} catch (SomeException e){

       e.addContextInformation(“more info”);
       throw e;  //throw e, or wrap it – see next line.

       //throw new WrappingException(e, “more information”);

    } finally {
       //clean up – close open resources etc.

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I've been looking through some legacy code and found a part of it that has methods with exceptions nested 3 or 4 levels down.

Is this considered to be a normal practice or should one avoid such codestyle where possible?

This is not a necessary process to handle your exception in this way, as it will increase your application overhead, until you really need to handle very specific exception(checked or Alien Exceptions) and you can ignore overhead to get specific information to handle that exception.

If it should be avoided, what are the negative effects besides the increasing costs of exception handling and decreasing readability?

As I mentioned you will not get specific information about the exception, if you are not going to use nested exception handling(throws with some added information to the upper handler) you may/may'not do specific action on behalf of some tough exception, but in nested case you can do action by handling that specific situation.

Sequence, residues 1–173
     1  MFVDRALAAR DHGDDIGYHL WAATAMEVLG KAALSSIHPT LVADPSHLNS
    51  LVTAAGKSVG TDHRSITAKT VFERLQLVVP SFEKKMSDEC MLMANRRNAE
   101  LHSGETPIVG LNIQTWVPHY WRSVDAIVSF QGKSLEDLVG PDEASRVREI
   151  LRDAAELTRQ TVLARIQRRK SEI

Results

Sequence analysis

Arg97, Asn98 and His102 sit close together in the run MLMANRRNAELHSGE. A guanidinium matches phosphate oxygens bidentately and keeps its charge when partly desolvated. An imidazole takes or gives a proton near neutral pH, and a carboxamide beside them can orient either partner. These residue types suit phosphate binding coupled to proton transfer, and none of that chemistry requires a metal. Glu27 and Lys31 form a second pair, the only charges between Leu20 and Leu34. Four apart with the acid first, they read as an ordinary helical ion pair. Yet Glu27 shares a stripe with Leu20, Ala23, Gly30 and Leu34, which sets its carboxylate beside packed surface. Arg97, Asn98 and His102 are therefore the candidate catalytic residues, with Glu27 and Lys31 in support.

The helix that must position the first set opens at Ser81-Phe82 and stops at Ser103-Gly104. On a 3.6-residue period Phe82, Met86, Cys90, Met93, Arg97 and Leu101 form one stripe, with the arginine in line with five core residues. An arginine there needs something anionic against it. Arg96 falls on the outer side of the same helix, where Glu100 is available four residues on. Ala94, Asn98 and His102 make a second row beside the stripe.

Are there common ways of refactoring the code to avoid this?

If you have a poorly factored program that does what the you want and has no serious bugs, for god sake leave it alone! When you need to fix a bug or add a feature, you Refactor Mercilessly the code that you encounter in your efforts. Override the Exception Class in your custom Exception Handler and add some added features to handle your problem.

The overriding method must NOT throw checked exceptions that are new or broader than those declared by the overridden method. For example, a method that declares a FileNotFoundException cannot be overridden by a method that declares a SQLException, Exception, or any other non-runtime exception unless it's a subclass of FileNotFoundException.

Hop this will help you.

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Exception handling tends to be an expensive way to handle flow control (certainly for C# and Java).

The runtime does quite a lot of work when an exception object is constructed - getting the stack trace together, figuring out where the exception is handled and more.